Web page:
No other people have as much right to self-government and self-defence as the Yazidis, said Yazidi journalist Eyüp Burç in an exclusive interview with Medya News marking the ninth anniversary of the genocide of the Yazidis by the Islamic State (ISIS).
On the eve of the ninth commemoration of the Yazidi Genocide, Burç stressed the need to put the tragedy on the agenda of democratic discourse.
Burç delved into the roots of the Yazidi faith, emphasising its antiquity, stating that “Yazidism is the most ancient faith, older than the Assyrian/Chaldean Christianity”. This connection to spiritual heritage is vital to Yazidi identity, making the symbolic renaming of the 1200-year-old Yazidi village of Kiwêx to “Islam” in Şırnak (Şirnex) province, İdil (Hezex) district, all the more poignant. Burç condemned the genocide as a deliberate erasure of the Yazidi identity by the Turkish authorities.
The interview revolved around the urgent demands made by the Yazidi community:
First and foremost, Burç reiterated the call for the establishment of a tribunal for the prosecution of those responsible for the crimes committed during the Yazidi genocide. “A court for the Yazidi genocide, a tribunal, must be established immediately under the auspices of the United Nations,” he said, leaving no room for ambiguity.
Equally pressing was the issue of facilitating the return home of displaced Yazidis currently living in camps, the journalist said. The ongoing suffering of his people, driven from their ancestral lands, resonated in Burç’s plea for action. “The Yazidis must be enabled to return to their villages, under the initiative of the United Nations or some Western states, the process of returning and settling in their homes must be ensured,” he stressed.
The Yazidi’s critical aspirations for self-government and self-defence must be met, Burç said. In accordance with Article 105 of the Iraqi constitution, he advocated for the establishment of an autonomous “Ezidixan” region. This region would not only guarantee security, but also allow Yazidis to freely exercise cultural rights. “Urgently, a de facto, autonomous ‘Ezdixan’ region that includes Sinjar in the disputed area, as foreseen by Article 105 of the Iraqi constitution, must be established. We must fight for this because there is no other people who have as much right to govern and defend themselves as the Yazidis,” he said.
Burç criticised Turkey’s policy of forced conversion, which he said perceives non-Muslims as a threat to national security. He further pointed to the grave consequences of Turkish airstrikes that target Sinjar, leaving residents in a position of constant vulnerability and fear. To address this issue, he called on the international community to impose a no-fly zone over Yazidi lands, ensuring a safe environment for their return and the preservation of Yazidi cultural heritage.
Burç conveyed that the Yazidi community in the Middle East is shaped by the historical and ongoing persecution of Yazidis as apostates by jihadist groups, leading to displacement during conflicts. Areas like Serekaniye (Serê Kaniyê) and Afrin (Efrîn), historically Yazidi, have become strategic targets for jihadists.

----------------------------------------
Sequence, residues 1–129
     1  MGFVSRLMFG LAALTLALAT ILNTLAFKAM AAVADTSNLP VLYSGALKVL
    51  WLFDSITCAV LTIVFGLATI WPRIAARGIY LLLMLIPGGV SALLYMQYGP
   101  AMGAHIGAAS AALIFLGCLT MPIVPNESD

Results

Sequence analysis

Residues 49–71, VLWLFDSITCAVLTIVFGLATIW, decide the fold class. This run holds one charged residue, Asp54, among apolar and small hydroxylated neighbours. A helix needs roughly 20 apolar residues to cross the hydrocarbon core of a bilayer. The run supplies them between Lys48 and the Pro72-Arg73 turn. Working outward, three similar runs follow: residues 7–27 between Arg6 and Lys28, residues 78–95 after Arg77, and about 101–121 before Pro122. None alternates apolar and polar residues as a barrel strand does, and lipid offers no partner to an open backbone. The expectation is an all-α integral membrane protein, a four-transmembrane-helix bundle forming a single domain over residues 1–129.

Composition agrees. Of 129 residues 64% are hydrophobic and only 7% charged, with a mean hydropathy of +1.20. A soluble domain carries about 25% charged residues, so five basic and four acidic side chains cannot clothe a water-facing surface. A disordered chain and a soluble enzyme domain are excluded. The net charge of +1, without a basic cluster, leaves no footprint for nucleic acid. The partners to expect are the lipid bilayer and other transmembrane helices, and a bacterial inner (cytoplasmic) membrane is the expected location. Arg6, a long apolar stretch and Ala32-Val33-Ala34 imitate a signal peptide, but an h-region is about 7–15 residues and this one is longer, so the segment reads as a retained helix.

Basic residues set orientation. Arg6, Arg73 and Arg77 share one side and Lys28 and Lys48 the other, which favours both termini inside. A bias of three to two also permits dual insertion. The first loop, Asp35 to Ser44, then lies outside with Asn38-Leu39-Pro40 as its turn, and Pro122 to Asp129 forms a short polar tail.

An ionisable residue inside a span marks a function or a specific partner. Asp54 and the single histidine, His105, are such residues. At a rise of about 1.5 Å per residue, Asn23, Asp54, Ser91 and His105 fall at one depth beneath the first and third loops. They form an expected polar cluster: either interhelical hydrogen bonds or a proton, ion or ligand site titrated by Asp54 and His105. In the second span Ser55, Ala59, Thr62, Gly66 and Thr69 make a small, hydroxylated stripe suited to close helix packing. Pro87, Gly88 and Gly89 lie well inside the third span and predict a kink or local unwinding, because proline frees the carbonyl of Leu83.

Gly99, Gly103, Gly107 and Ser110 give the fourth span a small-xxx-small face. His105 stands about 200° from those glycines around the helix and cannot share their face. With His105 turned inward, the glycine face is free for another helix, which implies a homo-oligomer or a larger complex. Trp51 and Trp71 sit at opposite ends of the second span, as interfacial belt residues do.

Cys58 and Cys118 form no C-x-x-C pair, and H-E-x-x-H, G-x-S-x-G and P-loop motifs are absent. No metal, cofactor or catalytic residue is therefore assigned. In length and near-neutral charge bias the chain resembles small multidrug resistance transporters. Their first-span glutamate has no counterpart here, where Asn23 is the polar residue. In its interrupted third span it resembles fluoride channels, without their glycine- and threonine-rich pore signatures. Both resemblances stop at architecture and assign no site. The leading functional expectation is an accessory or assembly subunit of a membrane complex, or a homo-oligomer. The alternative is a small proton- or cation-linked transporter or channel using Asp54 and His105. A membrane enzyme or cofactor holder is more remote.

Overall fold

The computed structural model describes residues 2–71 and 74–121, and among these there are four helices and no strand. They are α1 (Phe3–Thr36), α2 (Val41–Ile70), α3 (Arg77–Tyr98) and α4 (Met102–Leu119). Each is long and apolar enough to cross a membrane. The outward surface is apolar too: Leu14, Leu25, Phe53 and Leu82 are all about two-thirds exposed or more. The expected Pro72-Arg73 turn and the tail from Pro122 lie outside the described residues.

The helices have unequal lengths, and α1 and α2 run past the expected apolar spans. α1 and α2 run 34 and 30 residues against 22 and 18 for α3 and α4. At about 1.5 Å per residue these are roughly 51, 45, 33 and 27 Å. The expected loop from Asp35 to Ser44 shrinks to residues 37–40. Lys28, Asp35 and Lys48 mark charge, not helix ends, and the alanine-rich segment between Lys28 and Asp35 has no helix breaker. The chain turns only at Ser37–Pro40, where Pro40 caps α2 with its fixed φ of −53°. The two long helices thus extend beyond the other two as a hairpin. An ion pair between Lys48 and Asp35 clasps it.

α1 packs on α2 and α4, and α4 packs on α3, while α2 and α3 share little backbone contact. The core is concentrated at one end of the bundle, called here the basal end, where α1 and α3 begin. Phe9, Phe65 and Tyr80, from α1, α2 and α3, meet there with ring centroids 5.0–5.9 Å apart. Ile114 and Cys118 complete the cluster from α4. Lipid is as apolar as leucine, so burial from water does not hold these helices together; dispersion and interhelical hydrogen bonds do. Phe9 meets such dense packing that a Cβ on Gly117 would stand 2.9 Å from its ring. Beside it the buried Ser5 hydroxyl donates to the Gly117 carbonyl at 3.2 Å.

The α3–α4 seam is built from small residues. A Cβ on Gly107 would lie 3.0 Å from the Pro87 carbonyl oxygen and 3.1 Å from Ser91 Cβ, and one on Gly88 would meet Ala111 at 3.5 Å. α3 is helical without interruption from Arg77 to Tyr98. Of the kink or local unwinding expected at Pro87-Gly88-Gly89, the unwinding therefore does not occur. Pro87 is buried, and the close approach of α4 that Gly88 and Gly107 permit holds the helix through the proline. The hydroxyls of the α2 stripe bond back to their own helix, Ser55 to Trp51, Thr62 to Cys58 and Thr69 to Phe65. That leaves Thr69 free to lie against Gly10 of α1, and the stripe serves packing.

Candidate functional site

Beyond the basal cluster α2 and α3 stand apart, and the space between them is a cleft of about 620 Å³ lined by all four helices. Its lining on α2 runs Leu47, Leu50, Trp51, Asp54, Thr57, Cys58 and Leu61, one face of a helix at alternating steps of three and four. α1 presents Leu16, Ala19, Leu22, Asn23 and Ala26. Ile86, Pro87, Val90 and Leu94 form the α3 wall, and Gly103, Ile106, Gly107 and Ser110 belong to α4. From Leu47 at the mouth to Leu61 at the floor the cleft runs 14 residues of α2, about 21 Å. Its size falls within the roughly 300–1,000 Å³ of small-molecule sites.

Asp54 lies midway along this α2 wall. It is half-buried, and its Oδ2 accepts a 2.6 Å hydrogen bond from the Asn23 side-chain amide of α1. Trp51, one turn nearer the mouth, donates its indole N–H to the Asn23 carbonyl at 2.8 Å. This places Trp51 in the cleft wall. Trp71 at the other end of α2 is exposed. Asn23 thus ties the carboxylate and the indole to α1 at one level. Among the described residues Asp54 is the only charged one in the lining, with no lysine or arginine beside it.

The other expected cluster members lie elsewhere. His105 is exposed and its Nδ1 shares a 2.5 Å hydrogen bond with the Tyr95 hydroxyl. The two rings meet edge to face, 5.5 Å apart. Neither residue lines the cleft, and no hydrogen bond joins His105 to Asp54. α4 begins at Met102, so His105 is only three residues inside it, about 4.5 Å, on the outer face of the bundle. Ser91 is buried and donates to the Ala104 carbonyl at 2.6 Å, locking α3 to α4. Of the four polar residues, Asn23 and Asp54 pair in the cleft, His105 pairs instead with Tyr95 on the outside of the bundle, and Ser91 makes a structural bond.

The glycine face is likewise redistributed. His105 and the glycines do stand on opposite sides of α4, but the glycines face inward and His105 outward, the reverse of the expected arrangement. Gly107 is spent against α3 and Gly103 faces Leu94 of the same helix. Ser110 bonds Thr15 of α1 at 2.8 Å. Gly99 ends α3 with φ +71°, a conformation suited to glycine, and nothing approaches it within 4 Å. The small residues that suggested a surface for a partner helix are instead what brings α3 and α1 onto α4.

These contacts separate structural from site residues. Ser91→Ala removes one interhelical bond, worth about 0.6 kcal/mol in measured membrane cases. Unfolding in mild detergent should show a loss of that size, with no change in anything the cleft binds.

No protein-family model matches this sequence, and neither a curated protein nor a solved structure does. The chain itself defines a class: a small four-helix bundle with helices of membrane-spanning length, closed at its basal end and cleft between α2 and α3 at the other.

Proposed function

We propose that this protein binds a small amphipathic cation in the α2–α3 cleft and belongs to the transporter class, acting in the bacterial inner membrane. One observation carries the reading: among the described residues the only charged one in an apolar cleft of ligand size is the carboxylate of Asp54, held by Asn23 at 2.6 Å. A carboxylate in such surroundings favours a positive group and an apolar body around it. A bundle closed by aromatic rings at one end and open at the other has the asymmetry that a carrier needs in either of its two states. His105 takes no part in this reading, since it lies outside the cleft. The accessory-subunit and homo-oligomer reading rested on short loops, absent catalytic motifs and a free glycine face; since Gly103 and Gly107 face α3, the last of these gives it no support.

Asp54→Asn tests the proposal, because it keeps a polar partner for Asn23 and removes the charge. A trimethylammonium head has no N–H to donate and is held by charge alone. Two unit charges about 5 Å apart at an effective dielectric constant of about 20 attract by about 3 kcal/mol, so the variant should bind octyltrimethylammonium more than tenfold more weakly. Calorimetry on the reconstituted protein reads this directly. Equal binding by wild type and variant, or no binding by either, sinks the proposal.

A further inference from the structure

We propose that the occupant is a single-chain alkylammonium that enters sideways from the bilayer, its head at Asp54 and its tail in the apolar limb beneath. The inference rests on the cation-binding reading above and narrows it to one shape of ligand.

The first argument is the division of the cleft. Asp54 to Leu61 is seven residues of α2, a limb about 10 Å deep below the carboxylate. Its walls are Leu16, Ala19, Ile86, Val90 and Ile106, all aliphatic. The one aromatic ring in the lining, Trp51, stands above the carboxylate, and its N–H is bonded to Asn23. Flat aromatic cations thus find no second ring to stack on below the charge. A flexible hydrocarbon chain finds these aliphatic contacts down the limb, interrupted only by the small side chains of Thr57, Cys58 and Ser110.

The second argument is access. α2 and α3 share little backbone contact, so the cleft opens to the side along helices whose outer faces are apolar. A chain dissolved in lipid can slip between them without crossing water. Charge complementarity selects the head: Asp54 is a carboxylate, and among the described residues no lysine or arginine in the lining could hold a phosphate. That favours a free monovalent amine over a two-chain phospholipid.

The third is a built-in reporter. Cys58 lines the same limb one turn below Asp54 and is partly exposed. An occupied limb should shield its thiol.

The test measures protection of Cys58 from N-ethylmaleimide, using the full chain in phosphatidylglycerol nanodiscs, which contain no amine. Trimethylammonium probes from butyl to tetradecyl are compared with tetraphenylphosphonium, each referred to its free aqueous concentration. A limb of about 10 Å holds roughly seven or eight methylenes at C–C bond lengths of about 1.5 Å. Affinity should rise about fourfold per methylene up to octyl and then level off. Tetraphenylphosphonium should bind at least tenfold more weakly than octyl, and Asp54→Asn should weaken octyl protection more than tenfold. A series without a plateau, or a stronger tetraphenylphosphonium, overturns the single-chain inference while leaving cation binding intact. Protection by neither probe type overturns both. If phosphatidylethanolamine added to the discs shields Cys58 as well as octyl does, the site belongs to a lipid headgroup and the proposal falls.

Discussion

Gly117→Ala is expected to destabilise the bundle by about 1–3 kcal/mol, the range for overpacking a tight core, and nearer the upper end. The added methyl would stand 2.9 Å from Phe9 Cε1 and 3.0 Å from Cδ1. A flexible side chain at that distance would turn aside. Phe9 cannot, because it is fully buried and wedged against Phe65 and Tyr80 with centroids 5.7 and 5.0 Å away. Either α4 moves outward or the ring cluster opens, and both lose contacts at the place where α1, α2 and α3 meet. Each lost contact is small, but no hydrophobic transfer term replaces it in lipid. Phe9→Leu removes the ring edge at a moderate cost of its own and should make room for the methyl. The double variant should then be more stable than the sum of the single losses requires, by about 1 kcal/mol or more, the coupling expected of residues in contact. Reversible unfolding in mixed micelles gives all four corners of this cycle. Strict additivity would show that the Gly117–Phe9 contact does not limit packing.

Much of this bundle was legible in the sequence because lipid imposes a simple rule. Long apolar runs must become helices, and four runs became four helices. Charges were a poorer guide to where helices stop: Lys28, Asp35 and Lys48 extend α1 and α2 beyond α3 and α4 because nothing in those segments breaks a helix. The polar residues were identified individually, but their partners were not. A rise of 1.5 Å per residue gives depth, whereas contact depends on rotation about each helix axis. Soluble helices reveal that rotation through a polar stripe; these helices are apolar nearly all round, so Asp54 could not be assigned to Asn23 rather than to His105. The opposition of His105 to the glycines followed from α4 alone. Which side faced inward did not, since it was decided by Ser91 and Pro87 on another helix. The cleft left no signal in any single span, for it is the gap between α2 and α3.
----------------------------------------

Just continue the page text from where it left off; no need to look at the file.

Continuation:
The interview touched on the failure of the Sinjar/Baghdad agreement to effectively protect the Yazidis, leaving them without recourse. Despite promises of investigation, no accountability has been imposed on those responsible for the scale of the events and the perpetrators of the genocide, said Burç. Calling for justice, he asked, “Why did the Peshmerga force retreat in the face of 2014 ISIS attack? Who gave the withdrawal instruction?”
Burç emphasised dire consequences from the historical neglect of the Yazidi cause. Excluded from the scope of the 1923 Treaty of Lausanne, the identity of Yazidis as a distinct religious minority was dismissed by Turkish authorities. This omission hindered the recognition and protection of Yazidi cultural rights in the region including the preservation of language, particularly Kurdish.
The Yazidi Community and Article 105 of the Iraqi Constitution
Article 105 of the Iraqi Constitution, which was adopted in 2005, is an essential legal provision that pertains to the rights of various ethno-religious groups in the country. It specifically addresses the rights of “component peoples,” including the Yazidis, to exercise self-governance in their areas.
The constitution recognises that Iraq is a diverse nation composed of various ethnicities, religions, and cultural backgrounds. Article 105 seeks to protect and preserve this rich diversity by granting minority communities the right to form regions or administrative units, where they can manage their own local affairs based on their customs and traditions.
For the Yazidi community, this constitutional provision holds immense significance. In the aftermath of the ISIS atrocities in 2014, where thousands of Yazidis were subjected to horrendous violence, slavery, and displacement, the need for self-governance and protection of their unique identity became even more apparent.
The Yazidi community, concentrated mainly in the Sinjar region of northern Iraq, has been actively seeking recognition and implementation of Article 105 to establish an autonomous region.